To quantify the performance of our method we computed statistics on the preformance of the data mining-based method versus the signature-based method. We are interested in four quantities in the experiments. They are the counts for true positives, true negatives, false positives, and false negatives. A true positive, TP, is an malicious example that is correctly tagged as malicious, and a true negative, TN, is a benign example that is correctly classified as benign. A false positive, FP, is a benign program that has been mislabeled by an algorithm as malicious, while a false negative, FN, is a malicious executable that has been mis-classified as a benign program.
The overall accuracy of the algorithm is calculated as the number of programs the system classified correctly divided by the total number of binaries tested. The detection rate is the number of malicious binaries correctly classified divided by the total number of malicious programs tested.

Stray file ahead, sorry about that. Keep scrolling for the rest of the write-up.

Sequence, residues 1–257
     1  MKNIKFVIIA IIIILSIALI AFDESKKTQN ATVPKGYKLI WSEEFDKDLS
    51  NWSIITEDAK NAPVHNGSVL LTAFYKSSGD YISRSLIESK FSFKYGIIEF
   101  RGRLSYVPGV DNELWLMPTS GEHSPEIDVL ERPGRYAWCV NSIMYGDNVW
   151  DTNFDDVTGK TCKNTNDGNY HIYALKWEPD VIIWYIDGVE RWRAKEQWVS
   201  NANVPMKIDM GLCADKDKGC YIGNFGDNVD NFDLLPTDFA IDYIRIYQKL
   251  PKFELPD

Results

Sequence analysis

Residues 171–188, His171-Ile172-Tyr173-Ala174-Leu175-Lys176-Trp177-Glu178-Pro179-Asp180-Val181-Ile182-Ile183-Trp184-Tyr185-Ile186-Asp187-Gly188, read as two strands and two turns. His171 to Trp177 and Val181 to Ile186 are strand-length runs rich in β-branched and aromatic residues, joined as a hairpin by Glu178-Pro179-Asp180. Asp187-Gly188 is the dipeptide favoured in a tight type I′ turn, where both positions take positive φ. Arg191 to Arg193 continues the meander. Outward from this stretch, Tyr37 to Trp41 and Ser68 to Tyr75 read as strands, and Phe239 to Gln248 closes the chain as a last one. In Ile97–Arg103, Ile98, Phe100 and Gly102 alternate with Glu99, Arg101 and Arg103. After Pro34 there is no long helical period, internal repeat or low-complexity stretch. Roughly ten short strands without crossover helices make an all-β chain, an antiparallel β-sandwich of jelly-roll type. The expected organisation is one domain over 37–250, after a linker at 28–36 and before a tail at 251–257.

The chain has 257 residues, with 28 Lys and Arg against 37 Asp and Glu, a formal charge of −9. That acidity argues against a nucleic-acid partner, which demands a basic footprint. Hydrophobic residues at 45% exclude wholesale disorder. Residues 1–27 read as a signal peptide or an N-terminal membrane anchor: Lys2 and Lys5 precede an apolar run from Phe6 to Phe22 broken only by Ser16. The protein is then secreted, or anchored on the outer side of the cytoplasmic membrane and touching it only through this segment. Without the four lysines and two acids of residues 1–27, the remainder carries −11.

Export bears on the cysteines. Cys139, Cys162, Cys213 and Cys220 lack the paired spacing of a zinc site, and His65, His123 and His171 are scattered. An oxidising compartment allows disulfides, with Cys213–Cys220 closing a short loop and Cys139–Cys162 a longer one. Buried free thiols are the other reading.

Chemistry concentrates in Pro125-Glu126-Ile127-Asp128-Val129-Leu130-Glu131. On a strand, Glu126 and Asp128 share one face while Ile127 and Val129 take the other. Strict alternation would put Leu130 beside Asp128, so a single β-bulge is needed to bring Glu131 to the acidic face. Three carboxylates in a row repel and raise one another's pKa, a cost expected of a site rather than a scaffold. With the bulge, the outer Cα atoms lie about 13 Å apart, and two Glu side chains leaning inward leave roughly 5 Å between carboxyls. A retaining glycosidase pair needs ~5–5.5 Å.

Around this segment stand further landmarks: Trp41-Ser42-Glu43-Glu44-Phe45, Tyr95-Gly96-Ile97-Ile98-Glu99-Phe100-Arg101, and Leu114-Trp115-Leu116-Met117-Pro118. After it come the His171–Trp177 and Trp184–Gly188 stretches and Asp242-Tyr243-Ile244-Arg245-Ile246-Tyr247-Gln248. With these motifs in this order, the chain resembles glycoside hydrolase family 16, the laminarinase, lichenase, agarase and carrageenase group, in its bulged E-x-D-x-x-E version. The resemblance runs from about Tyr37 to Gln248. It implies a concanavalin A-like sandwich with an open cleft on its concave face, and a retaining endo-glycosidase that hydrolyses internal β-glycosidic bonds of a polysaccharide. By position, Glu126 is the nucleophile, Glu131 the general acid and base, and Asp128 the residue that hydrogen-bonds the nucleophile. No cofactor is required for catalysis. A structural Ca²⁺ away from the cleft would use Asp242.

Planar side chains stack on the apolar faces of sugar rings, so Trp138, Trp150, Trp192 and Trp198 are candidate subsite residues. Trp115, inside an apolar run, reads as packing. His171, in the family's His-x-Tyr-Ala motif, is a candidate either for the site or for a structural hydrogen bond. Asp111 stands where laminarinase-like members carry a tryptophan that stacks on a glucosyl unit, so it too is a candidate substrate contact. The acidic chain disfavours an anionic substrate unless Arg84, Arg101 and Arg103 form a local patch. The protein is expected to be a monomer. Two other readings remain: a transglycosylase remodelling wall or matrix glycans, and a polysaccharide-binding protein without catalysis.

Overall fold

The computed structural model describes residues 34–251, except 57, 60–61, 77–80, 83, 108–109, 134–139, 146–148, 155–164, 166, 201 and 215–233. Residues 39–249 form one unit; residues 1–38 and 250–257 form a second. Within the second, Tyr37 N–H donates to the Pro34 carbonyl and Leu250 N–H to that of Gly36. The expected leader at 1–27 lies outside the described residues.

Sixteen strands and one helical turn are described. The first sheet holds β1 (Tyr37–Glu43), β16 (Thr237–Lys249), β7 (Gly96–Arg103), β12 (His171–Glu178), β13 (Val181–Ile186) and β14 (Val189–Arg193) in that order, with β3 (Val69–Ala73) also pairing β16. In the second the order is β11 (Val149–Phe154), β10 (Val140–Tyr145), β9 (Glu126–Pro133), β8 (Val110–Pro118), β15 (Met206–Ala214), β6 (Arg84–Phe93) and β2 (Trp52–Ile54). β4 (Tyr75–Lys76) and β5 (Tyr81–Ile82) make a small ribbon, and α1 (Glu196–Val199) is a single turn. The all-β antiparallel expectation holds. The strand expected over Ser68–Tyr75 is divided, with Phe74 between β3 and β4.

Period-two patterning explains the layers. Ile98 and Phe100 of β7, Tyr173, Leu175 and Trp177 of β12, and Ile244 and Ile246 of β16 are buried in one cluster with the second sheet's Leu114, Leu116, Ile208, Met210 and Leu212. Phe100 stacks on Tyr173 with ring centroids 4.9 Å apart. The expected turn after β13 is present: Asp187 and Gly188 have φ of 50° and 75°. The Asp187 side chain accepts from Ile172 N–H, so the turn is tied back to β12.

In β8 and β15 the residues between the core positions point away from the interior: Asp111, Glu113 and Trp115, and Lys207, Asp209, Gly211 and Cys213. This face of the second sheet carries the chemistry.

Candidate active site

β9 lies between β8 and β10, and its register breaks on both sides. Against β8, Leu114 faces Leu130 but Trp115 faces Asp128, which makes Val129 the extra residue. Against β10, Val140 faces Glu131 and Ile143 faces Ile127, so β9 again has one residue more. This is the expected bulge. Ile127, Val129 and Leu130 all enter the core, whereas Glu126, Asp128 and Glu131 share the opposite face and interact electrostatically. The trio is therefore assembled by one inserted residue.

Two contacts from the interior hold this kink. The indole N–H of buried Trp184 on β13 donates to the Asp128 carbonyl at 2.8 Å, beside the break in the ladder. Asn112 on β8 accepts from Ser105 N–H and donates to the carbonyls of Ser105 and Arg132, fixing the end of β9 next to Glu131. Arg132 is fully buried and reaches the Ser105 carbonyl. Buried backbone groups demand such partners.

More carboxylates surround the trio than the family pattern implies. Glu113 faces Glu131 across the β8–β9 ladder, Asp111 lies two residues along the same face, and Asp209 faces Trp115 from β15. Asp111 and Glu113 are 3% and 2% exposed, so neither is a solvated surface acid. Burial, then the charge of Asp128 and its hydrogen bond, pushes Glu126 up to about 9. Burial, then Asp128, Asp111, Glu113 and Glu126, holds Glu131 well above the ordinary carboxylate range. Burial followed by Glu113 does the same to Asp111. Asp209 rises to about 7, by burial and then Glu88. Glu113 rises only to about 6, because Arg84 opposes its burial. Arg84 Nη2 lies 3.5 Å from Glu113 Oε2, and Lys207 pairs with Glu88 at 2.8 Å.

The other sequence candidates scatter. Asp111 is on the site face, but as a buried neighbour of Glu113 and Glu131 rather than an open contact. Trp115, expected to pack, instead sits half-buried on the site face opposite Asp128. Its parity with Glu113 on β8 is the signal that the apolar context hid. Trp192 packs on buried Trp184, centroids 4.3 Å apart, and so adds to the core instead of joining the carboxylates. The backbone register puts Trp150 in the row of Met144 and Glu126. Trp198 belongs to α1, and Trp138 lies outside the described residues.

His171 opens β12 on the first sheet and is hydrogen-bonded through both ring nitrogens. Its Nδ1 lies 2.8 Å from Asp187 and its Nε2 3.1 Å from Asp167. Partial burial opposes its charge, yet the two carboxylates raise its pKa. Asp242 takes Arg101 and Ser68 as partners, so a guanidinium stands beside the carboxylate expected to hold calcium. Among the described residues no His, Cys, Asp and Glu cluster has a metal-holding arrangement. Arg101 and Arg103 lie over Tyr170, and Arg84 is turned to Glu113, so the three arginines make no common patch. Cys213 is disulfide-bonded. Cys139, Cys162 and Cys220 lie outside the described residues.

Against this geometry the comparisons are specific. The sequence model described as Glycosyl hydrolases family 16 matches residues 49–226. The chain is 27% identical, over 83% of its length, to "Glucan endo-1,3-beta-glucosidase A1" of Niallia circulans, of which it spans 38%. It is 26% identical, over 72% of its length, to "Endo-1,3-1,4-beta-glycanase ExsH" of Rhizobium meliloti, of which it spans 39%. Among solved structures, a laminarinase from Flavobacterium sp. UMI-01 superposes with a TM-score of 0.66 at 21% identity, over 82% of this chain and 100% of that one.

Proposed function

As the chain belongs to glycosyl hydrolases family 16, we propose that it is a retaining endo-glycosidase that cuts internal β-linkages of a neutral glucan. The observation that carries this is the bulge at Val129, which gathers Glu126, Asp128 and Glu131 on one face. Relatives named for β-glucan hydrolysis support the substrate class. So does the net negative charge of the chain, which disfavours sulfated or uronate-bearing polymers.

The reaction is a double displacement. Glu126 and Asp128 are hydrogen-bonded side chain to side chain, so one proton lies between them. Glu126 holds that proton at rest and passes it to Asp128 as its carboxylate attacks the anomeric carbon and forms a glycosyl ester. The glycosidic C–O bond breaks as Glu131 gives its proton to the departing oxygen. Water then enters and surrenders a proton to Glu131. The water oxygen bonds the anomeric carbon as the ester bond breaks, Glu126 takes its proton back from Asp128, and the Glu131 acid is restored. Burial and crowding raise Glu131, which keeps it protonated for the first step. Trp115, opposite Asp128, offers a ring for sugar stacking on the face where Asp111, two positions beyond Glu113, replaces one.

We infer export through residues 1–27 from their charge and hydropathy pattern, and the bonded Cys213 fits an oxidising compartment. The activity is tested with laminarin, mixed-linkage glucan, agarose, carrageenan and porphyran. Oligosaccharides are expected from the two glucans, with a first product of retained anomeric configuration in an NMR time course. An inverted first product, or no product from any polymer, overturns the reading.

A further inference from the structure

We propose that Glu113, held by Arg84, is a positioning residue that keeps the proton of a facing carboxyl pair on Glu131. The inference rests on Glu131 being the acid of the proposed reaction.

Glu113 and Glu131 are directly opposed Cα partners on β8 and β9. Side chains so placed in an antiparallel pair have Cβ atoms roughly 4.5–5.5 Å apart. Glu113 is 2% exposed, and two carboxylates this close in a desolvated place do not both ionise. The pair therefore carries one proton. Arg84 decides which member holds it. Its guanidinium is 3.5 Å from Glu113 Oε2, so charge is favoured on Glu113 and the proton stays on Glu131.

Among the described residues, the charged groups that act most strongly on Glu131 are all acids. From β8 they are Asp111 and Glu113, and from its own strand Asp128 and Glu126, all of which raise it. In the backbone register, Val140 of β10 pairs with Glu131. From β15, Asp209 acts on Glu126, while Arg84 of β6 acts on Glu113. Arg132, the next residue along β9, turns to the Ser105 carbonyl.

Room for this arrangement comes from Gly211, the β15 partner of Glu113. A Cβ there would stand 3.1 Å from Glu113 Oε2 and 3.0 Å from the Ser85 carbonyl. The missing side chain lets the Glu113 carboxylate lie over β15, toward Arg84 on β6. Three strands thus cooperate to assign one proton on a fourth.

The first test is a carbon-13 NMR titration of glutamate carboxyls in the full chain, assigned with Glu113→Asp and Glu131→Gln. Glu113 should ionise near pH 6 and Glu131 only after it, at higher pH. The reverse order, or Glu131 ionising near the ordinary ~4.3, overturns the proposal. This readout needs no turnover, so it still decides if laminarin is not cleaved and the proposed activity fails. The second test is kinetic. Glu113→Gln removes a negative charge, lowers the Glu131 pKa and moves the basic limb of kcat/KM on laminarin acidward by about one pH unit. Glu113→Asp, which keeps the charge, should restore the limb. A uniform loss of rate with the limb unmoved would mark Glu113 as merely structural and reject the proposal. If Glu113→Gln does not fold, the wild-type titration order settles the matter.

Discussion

We estimated our results for detecting new executables by using 5-fold cross validation . Cross validation is the standard method to estimate the performance of predictions over unseen data. For each set of binary profiles we partitioned the data into five equal size partitions. We used four of the partitions for training a model and then evaluated that model on the remaining partition. Then we repeated the process five times leaving out a different partition for testing each time. This gave us a reliable measure of our method's accuracy on unseen data. We averaged the results of these five tests to obtain a measure of how the algorithm performs in detecting new malicious executables.